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Shelba Sellers

Ovarian cancer survivor: Enjoy the life you have today

Spend just a few minutes talking with Shelba Sellers and you'll notice she lives life to the fullest and doesn't let much slow her down. While she often puts in long hours at the growing law practice she shares with her husband Mark, she also makes time for travel, healthy meals, family and friends. 

It was during one of those 50-plus-hour workweeks when she started having health issues. “I was having problems off and on for about six months, but my gynecologist thought it was probably endometriosis,” she says. 

“I remember being at the beach with my husband and I could tell I was getting worse. I should have been relaxed and feeling better because I was on vacation, but the more I walked, the more pain I was in. I remember going back to our condo on the beach and thinking, ‘I hope I get to come back here next year.’” 

When she returned home from vacation, she sought medical attention. Despite her healthy outward appearance, Sellers knew her pain was more than endometriosis. “I looked so healthy and stayed busy, so no one thought it was cancer,” she says. “Cancer can start and you don’t look sick for months. When you have outward physical symptoms, that’s when it has spread.” As her symptoms progressively worsened, Sellers underwent an MRI and was subsequently diagnosed with ovarian cancer. She was referred to gynecologic oncologist John McBroom, M.D. for treatment. 

Coping with her diagnosis

As scary as it was learning she had ovarian cancer, Sellers focused on moving forward. “My grandmother had ovarian cancer back in the 1950s and survived,” she says. Knowing treatment options had drastically improved over the past 60 years, she had hope she too would beat the disease. 

Sellers had her initial consultation with Dr. McBroom in June 2009 and scheduled surgery for July. “In the month before I had surgery, a friend took me to a health food store and introduced me to a vegetarian diet,” she says. “I really feel like I cleaned out my system by following good nutritional guidelines and that helped me keep going.” When she started chemotherapy months later, she began adding fish and grass-fed meat back into her diet. 

The surgery

“I was scheduled for robotic surgery because they didn’t think the cancer had spread much,” says Sellers. “I remember lying there in the pre-op room and thinking, ‘I’m in the right place at the right time.’” Her surgery was initially scheduled to last about two hours, but she was in the operating room for four. Dr. McBroom told Sellers' husband and friends that her cancer had progressed more than he had initially suspected and it was now in stage II.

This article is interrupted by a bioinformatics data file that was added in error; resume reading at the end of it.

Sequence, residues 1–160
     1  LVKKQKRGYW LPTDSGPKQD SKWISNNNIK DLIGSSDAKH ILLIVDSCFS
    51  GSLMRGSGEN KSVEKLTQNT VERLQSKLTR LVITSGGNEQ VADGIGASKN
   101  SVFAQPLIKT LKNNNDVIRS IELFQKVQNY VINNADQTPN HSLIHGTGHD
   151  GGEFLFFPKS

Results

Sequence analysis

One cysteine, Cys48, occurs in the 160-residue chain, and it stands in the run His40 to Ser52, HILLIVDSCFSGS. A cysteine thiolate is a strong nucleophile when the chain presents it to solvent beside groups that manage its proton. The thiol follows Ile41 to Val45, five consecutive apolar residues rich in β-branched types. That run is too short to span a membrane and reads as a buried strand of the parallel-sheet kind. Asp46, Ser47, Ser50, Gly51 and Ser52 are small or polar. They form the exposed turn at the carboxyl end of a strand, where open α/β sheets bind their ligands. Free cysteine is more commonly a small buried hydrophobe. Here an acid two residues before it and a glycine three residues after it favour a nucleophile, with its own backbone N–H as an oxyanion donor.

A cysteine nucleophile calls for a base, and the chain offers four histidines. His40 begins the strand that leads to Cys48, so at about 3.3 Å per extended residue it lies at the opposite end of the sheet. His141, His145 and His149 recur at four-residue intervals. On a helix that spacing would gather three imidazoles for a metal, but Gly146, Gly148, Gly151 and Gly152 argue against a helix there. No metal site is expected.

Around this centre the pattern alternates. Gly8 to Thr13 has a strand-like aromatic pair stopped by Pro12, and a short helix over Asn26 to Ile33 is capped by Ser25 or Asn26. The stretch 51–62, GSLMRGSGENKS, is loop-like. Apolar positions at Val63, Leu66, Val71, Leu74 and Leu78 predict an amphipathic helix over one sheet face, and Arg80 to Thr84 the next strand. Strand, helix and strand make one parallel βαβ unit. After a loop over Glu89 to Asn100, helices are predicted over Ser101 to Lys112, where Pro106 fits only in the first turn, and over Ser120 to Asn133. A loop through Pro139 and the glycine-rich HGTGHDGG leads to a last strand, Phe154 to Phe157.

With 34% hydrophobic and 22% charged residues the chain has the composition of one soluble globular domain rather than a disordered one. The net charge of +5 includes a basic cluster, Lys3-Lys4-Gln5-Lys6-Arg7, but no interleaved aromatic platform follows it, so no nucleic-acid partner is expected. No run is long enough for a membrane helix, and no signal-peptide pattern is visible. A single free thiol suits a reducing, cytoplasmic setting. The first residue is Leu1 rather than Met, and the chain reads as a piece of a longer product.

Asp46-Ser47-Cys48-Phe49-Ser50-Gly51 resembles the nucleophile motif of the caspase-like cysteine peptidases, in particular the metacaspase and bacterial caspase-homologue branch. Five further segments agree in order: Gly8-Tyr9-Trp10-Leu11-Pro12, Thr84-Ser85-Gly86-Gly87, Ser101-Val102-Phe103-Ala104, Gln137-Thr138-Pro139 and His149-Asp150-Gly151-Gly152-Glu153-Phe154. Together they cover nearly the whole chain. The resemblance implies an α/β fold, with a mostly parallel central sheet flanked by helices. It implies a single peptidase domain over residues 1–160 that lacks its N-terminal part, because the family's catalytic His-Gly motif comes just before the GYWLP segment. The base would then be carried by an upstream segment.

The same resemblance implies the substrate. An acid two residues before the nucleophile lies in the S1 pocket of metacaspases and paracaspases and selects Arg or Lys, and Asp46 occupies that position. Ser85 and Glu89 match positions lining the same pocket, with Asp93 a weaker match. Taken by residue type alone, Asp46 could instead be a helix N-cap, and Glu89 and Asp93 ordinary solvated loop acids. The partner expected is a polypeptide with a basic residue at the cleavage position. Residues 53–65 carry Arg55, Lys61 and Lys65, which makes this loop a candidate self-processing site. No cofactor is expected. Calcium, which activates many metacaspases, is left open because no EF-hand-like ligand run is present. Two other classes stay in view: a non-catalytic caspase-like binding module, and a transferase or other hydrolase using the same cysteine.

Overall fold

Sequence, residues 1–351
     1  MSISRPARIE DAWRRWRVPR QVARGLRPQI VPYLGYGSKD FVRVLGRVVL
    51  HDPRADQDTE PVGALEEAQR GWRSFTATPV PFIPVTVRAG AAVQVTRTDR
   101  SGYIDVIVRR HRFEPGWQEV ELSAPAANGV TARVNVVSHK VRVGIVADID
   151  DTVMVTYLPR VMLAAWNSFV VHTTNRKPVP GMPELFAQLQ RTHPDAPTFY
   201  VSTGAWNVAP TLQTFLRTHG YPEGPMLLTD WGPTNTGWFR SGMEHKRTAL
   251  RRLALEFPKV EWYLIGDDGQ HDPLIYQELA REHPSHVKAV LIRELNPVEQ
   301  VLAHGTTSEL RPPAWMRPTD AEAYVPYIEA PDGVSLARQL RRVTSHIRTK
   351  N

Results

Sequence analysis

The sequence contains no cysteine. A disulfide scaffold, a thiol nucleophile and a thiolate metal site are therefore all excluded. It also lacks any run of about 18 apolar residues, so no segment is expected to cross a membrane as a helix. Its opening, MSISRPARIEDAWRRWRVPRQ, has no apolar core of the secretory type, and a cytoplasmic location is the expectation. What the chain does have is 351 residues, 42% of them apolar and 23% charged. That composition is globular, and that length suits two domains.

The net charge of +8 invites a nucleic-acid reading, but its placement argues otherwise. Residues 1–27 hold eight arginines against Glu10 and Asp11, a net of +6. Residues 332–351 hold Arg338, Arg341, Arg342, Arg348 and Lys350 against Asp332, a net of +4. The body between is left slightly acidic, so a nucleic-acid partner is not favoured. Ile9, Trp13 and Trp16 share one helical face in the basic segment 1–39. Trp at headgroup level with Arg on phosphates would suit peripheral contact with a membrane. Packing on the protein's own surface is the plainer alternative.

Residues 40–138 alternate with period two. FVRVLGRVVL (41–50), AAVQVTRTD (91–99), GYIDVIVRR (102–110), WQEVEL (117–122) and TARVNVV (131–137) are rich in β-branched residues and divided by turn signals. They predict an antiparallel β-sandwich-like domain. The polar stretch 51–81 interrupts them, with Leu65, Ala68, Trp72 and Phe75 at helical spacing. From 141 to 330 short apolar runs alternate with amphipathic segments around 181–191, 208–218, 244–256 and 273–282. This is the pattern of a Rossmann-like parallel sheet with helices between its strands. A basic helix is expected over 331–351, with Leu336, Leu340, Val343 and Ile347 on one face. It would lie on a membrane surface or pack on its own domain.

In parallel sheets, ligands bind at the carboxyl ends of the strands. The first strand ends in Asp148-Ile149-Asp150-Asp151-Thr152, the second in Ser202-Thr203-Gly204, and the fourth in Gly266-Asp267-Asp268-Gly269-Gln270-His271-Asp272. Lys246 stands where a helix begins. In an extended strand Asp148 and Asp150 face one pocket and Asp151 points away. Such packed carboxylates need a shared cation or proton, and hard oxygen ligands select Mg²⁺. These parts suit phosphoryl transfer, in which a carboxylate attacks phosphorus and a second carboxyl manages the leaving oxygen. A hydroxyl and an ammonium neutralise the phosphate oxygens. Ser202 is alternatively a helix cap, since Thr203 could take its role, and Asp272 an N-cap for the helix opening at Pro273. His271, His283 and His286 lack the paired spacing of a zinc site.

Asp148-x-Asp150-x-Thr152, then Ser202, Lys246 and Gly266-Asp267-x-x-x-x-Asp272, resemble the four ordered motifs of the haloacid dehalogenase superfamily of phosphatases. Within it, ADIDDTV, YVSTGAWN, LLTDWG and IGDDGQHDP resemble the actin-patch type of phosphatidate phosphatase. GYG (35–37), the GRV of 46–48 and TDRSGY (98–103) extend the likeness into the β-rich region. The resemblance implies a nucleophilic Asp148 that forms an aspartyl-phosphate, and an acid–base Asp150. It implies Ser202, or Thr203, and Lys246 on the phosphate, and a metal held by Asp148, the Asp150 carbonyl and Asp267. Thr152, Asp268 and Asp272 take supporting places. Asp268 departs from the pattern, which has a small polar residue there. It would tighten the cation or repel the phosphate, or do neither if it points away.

“The cancer had spread around my uterus and colon,” she explains. “Dr. McBroom said he didn’t understand how I wasn’t in more pain. I was working 50 hours a week and kept going until I realized I was getting worse.” 

Despite learning her cancer had spread, Sellers said she began to recover quickly. Dr. McBroom predicted she would need a week to recuperate in the hospital, but she only needed two days on an IV. 

Sellers said she leaned on family and friends for support during her diagnosis and treatment. “I was on a prayer list in five different states. I had a lot of friends praying for me and other friends who wanted to cook for me. When I went back home, my mom came and stayed with me. I had a month to get strong again before I started chemo.” 

Her prognosis

Sellers underwent chemotherapy from August to December 2009. “My understanding was that at the end of five years, 50 percent of women in my condition make it,” she explains. “So you get the surgery, do the chemo and it’s up to you to take care of yourself to make sure you’re in the 50 percent who make it.” 

Despite some setbacks during chemotherapy – her ports became infected and required surgery – Sellers focused on exercising, eating right and getting sunlight. She worked from home when possible, although chemotherapy altered her sleep cycles. During weeks when she had a break from treatment, she returned to the office. “My husband and I work together. He was at work doing everything for four and a half months while I was going through chemo, and was supportive through the whole thing. We stuck together through it all. He helped me so I could concentrate on getting better while he did a lot of the work I used to do.” 

How life has changed

It is easy to become depressed after a cancer diagnosis, she says, but “the main thing is you found out. Stick with a good doctor and treatment program. Move forward.” Now fully recovered and feeling strong from a healthy lifestyle, Sellers has expanded her Thomasville, Ga.-based practice to include two satellite offices in Moultrie and Bainbridge. 

“Before my surgery, Mark and I loved to travel. Now we always make a point of enjoying life and doing things we never took time for,” she says. “I have a sign that says, ‘Dream as if you’ll live forever and live as if you only have today.’ Get your priorities in order. Don't wait until you're 60 to do the things you want to do." 

For more information about ovarian cancer symptoms and treatment, visit Piedmont’s Cancer Center.

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